Select committee appearances are like men and buses – as the saying goes, you go for ages without one and then they all come along at once.
So it was for the IMA last week with two appearances in front of parliamentary committees. The first, the work and pensions committee to talk about pension scheme governance and the second, the business, innovations and skills committee to talk about women in the workplace.
First, pension scheme governance and an inquiry which had been postponed from last year. No one can argue that pensions are becoming increasingly important. Given this rise in importance, the focus on pension scheme governance should be an equal to, if not higher than, that given to investment processes and outcomes, especially given the shift to DC pensions and the associated transfer of risk to the individual. Investment processes can be different for different people but governance should apply across all types of scheme no matter what.
IMA associate director Jonathan Lipkin told the select committee that it is possible to put clear processes in place so that you know who is accountable and responsible, what the objectives are and how they have delivered against their objectives. All of this should, of course, be documented.
These are the practical issues which individuals want to see addressed and allows DC schemes to be delivered with an auditable governance trail for employers and scheme members. Taking your starting point as the interests of the individuals whose money you are investing and whose future you are trying to secure ought to be a given.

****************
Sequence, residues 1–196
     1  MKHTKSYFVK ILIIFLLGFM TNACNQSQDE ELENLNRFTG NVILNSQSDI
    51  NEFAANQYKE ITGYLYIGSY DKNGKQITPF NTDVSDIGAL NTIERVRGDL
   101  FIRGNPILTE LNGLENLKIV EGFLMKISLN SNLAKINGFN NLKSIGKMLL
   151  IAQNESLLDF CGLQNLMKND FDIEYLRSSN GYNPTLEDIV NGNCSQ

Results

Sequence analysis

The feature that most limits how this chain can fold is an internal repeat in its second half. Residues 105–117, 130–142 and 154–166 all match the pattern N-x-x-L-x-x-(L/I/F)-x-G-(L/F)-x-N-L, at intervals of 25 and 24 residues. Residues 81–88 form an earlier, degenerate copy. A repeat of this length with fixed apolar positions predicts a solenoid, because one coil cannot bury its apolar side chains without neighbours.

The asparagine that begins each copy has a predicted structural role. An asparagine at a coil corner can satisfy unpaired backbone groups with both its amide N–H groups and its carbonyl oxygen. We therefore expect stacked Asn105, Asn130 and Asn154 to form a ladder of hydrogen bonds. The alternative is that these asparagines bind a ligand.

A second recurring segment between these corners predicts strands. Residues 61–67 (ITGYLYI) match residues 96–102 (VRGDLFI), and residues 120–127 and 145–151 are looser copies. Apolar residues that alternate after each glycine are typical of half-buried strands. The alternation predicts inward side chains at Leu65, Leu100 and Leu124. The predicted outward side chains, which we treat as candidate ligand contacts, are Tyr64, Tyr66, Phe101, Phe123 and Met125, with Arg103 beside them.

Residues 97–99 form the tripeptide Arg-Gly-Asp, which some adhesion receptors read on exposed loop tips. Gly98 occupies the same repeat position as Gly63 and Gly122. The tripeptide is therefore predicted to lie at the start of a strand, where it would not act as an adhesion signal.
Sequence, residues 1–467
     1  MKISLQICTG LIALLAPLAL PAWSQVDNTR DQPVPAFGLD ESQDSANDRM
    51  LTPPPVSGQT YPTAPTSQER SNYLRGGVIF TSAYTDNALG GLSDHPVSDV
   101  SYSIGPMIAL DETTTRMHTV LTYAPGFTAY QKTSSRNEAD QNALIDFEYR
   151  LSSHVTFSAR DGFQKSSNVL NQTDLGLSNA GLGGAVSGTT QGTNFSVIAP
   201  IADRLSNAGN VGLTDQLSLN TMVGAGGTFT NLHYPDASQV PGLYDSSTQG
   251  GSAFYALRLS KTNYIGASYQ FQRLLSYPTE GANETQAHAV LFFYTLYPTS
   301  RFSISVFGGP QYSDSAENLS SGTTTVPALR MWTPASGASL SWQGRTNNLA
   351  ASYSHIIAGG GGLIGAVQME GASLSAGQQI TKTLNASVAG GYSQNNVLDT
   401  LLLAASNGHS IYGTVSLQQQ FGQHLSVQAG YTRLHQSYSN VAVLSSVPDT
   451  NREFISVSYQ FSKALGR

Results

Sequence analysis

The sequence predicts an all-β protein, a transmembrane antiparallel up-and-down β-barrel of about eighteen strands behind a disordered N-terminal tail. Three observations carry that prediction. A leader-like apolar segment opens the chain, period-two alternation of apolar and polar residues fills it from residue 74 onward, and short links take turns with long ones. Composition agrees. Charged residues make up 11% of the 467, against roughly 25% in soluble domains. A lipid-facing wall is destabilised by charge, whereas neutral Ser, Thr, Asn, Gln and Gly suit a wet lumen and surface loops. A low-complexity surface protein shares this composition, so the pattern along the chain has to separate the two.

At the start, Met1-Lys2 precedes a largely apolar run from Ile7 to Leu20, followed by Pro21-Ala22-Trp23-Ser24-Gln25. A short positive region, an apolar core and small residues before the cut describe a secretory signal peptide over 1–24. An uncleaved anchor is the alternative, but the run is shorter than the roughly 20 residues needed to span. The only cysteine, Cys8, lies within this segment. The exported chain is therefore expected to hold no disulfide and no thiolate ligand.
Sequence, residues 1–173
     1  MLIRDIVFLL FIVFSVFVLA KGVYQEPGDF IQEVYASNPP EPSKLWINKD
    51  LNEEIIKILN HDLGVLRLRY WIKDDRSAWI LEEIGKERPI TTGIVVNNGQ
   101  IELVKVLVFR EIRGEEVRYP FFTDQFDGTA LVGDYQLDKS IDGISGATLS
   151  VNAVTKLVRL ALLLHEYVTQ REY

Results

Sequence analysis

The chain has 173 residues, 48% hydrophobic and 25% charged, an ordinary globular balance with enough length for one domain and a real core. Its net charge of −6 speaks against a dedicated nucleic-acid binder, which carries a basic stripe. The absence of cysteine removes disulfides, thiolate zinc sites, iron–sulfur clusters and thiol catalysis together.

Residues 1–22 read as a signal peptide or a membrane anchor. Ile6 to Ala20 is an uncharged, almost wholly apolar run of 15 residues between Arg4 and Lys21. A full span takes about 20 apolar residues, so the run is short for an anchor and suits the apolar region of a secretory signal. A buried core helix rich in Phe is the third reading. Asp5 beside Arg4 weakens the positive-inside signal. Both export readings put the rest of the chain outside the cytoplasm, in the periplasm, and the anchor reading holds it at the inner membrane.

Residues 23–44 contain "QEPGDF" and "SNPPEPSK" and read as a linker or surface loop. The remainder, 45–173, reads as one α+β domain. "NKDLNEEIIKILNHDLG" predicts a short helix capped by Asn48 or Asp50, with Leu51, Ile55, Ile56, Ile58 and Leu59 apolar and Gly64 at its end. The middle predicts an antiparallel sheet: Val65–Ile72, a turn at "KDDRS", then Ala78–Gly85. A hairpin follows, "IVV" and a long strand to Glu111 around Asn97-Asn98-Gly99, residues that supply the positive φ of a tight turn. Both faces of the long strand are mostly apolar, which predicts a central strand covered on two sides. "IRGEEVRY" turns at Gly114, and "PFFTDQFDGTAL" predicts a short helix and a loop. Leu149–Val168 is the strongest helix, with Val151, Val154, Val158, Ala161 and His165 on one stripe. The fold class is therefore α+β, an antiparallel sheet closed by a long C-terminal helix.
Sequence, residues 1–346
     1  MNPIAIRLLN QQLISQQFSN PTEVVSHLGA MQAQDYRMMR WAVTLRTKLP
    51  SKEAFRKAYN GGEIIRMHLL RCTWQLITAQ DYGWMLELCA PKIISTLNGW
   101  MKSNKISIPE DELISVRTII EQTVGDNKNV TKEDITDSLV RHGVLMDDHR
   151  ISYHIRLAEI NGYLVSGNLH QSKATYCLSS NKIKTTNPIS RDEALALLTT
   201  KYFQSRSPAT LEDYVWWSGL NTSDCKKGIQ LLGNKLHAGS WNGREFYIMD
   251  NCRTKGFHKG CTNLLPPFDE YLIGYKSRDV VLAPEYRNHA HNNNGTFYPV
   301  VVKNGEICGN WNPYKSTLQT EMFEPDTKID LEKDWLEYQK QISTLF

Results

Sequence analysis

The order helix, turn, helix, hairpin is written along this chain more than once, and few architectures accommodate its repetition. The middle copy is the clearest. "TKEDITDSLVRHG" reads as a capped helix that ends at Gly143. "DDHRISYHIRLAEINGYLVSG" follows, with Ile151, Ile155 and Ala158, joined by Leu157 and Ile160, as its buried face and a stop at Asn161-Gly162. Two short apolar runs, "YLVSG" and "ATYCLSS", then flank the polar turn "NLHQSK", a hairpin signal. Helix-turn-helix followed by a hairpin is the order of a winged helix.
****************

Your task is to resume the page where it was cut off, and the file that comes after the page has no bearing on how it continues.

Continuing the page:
And of course, tied into this is the whole issue of charges. While it is important for individuals to know what they are paying, it is equally, if not more, important to convey what is being paid for. The IMA and others in the pensions industry are focusing much more on this and how the industry communicates with employers and consumers about what they are paying for and why.
There is a lot to think about, but it is in all of our interests that we get this right and individuals regain their faith in pension saving.
On to the Business, Innovation and Skills Committee session on women in the workplace. The IMA’s interest in this is from the perspective of wanting to see well-run companies in which money can be invested.
Companies with diverse boards which are the best fit for a company are an attractive investment. Although the committee’s inquiry was limited to women in the workplace that’s not to say that gender balance alone is enough in terms of ensuring board diversity. It goes further than this as boards require a wide range of skills and experience. Diverse boards may also be more open to new ideas and to challenging what could be termed “group-think”.
It is staggering that in the 21stcentury we are still having conversations about needing more diverse boards and debating the role of women in the workplace. That said, we are opposed to quotas for women on boards. Appointments should be on merit and not to fill quotas.
The experience in Norway when quotas were introduced was that the women in question became known as the “golden skirts”. Not helpful and not clever.
Mona Patel is head of communications at the Investment Management Association